Detrivores are certain animals that are an extremely important part of the food chain. There are numerous types, with the most being insects, fish, some crustaceans, and birds, reptiles or mammals that are primarily scavengers. Their role in the food chain is to eat dead organic material, but they usually have little role in killing the organic material. They are recyclers to a degree, consuming this material, but not completely breaking it down in their digestive systems.
For example, oceans, streams and lakes have fish (and sometimes crabs) that eat dead organic materials present on the floor of the water source. Such material can include already dead animals, fish scales, excretions from fish, and dead plant material. Detrivores typically consume these, helping to keep the aquatic environment cleaner and removing detritus.
Once detrivores have fed on this material, they’ve also left it vulnerable to decomposers, who break down detritus even further. Decomposers can include certain animals and fish, but are more likely to include various forms of bacteria and fungi. Decomposers can be said to be responsible for cleaning up and breaking down the end stage of decay, while detrivores take the role of first pass at the cleaning but still contribute to decay.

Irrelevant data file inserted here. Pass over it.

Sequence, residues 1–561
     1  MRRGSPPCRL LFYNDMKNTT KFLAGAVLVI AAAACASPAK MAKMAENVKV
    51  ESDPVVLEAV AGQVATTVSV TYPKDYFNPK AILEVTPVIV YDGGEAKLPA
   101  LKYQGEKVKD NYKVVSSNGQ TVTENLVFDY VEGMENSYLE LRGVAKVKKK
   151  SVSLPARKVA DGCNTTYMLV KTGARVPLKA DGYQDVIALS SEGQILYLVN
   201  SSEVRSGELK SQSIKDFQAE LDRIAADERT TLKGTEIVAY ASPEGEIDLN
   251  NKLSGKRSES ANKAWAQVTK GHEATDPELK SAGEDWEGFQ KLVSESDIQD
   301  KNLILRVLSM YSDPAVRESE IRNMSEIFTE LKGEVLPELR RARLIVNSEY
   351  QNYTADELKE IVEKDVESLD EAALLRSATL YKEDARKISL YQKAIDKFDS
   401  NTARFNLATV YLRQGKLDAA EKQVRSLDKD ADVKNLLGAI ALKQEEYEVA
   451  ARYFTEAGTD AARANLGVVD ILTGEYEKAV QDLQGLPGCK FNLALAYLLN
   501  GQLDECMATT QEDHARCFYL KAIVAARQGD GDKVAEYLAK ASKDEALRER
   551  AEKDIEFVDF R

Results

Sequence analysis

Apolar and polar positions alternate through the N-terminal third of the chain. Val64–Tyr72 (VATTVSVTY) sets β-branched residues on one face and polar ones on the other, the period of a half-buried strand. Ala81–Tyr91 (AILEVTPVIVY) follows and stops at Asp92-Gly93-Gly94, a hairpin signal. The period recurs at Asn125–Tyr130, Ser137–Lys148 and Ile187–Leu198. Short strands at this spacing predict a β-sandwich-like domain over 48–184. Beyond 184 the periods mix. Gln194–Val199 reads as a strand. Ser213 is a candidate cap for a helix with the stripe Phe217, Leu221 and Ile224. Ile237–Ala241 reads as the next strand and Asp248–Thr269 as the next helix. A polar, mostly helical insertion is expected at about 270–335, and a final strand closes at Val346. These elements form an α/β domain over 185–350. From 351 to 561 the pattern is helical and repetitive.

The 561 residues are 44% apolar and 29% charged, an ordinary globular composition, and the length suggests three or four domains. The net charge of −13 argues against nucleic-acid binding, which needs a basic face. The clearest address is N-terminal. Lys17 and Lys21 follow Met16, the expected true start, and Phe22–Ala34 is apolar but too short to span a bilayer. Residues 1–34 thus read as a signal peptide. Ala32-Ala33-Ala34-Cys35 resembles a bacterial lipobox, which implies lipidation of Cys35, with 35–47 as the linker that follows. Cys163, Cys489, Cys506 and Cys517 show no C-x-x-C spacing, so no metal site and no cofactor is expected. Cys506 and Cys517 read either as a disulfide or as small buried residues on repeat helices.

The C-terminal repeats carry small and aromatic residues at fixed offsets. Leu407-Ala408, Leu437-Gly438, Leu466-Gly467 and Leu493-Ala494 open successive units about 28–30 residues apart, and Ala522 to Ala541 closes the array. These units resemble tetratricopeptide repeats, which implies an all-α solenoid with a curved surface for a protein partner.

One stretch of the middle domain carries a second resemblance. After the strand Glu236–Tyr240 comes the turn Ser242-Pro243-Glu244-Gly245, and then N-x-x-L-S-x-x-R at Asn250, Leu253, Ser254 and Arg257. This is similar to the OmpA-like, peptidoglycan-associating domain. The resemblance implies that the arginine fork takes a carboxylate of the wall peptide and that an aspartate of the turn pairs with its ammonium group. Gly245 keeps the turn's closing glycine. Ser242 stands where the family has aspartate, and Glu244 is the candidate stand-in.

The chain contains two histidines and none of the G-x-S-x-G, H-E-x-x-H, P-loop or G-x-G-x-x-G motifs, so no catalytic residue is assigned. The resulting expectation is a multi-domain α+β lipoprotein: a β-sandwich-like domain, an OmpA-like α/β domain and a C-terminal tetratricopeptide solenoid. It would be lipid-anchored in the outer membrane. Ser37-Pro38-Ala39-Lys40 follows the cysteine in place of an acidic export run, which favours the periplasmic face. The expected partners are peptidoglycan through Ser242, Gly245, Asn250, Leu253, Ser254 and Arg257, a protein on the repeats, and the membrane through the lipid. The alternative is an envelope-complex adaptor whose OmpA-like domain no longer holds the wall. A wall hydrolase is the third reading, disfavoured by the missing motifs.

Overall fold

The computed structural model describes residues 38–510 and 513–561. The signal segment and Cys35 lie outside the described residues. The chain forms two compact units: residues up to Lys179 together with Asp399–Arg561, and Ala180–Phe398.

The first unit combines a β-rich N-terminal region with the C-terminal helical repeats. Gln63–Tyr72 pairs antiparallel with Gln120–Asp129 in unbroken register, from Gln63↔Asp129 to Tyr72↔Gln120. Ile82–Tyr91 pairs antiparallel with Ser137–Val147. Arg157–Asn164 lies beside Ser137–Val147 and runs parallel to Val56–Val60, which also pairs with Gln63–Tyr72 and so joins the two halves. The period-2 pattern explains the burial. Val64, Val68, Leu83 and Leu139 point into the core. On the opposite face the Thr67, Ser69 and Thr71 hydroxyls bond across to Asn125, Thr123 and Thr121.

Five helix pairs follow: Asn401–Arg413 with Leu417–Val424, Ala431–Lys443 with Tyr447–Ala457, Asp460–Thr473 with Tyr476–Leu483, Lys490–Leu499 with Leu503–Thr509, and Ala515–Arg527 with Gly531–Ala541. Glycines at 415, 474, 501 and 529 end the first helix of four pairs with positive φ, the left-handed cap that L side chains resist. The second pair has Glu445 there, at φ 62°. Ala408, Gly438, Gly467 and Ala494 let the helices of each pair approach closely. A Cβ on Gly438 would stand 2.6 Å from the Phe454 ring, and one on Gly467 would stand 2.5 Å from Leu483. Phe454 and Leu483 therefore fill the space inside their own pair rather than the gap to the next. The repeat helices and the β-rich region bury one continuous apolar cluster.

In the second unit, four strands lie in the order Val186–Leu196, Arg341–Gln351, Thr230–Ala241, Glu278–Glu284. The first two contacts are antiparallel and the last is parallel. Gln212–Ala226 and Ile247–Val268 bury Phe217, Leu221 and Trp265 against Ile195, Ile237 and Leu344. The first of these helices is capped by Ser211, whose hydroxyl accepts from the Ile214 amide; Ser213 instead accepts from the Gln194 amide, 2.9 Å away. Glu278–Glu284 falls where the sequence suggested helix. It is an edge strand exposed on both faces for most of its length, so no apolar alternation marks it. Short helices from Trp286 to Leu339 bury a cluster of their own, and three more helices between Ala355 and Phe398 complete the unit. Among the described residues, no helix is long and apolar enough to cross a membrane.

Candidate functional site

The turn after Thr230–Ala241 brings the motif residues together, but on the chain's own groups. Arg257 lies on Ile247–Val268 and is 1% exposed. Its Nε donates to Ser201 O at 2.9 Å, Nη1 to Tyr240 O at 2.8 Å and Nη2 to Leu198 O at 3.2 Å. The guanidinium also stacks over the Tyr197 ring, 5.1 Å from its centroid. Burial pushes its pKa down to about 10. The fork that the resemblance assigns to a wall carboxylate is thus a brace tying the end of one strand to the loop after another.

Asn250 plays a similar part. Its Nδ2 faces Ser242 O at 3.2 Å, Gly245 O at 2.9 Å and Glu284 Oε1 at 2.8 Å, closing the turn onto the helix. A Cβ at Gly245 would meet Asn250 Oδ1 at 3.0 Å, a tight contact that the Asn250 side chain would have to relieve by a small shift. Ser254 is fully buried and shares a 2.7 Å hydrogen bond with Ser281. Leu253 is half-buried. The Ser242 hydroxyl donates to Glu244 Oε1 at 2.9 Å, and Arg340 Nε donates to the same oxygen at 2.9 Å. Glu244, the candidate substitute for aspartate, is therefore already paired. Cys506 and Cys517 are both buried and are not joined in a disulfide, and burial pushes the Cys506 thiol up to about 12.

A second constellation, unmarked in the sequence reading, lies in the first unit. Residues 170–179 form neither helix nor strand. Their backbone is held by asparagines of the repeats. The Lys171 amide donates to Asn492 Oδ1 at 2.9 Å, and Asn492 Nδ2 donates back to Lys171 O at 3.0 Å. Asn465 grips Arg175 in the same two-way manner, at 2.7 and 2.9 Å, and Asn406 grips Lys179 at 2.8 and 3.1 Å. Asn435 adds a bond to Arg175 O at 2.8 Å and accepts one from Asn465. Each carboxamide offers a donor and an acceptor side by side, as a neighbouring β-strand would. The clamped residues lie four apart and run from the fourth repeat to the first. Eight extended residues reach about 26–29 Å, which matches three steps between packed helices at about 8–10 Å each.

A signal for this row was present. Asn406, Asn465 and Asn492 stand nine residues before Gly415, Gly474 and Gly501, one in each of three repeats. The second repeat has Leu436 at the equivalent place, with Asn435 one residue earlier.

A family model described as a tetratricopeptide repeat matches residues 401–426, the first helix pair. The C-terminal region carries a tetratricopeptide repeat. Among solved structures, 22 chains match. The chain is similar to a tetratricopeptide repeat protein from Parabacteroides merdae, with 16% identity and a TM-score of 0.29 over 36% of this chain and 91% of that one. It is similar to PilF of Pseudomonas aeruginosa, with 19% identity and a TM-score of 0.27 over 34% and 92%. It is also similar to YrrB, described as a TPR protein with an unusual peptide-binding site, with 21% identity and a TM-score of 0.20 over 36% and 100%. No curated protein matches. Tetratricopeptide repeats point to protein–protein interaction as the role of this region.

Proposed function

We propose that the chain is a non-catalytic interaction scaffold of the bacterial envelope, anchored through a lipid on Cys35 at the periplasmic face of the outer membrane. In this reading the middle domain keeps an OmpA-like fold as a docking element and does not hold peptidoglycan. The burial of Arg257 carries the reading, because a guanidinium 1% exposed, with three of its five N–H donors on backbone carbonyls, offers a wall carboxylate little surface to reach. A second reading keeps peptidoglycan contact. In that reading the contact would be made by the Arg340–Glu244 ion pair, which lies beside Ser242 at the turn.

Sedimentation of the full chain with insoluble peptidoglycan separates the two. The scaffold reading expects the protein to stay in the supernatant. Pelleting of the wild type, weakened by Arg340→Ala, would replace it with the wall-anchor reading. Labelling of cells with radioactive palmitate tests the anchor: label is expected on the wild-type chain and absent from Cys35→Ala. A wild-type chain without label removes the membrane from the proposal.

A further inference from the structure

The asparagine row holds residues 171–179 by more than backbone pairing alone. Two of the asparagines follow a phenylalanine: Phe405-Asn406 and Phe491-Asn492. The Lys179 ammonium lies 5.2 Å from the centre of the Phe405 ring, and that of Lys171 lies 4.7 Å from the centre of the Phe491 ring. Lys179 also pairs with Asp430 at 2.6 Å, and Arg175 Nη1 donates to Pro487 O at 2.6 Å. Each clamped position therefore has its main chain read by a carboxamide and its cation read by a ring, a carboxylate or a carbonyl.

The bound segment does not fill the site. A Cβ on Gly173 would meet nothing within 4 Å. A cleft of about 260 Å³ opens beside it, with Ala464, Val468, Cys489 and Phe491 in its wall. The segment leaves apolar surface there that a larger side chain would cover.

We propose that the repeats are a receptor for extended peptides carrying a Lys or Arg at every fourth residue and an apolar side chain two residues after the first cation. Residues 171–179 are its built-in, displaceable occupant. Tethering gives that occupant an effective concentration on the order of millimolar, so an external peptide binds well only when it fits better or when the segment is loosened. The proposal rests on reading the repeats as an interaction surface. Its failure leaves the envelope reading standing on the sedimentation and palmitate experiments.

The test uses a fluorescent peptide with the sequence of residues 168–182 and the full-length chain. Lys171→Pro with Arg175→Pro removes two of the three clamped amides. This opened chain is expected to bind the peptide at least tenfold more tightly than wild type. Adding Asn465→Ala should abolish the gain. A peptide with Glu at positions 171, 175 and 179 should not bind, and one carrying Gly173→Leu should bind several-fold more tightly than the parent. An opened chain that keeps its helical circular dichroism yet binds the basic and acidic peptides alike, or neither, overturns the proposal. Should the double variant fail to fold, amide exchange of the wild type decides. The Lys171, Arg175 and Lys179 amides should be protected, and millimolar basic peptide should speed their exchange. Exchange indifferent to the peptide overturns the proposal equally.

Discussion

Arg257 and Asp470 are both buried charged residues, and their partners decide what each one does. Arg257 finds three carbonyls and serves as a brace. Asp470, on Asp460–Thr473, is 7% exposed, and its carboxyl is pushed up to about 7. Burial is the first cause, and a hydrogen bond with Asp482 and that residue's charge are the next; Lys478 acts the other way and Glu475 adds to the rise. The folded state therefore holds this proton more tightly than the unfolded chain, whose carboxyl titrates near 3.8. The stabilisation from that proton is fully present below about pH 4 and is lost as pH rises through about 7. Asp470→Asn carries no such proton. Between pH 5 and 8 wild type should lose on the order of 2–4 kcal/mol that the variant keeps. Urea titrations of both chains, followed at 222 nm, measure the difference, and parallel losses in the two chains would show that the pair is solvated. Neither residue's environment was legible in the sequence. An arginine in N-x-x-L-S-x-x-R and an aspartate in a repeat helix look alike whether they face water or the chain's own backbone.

You’ll find a variety of these first stage cleaners in the insect world. Termites, for instance, eat wood (unfortunately some of it in our houses) that is no longer living. Woodlice also feed on dead plant matter, typically from trees. Wasps, yellow jackets and even butterflies can be found gathering on carcasses. Worms consume dead plant material and essentially work as wonderful composters.
Even in fish bowls and aquariums you may find detrivores, which may also be called bottom feeders by some. They serve a useful role in small aquariums because they help to keep detritus from gathering at the bottom of the tank. A few bird species are considered detrivores since they feed on dead animals alone. In particular, most vultures tend to scavenge only, rather than hunting.
There are animals that can sometimes scavenge, but may also hunt. Foxes, lions, hyenas and numerous other animals are opportunistic feeders. They won’t necessarily reject a dead animal as a good source of food, but they will also hunt for food when they can’t scavenge enough to get the necessary nutrients they need. In some respects, especially in advanced human cultures, humans are similar. Most of the food we consume is dead organic material; however, some human had to harvest it or slaughter it to make it available to us.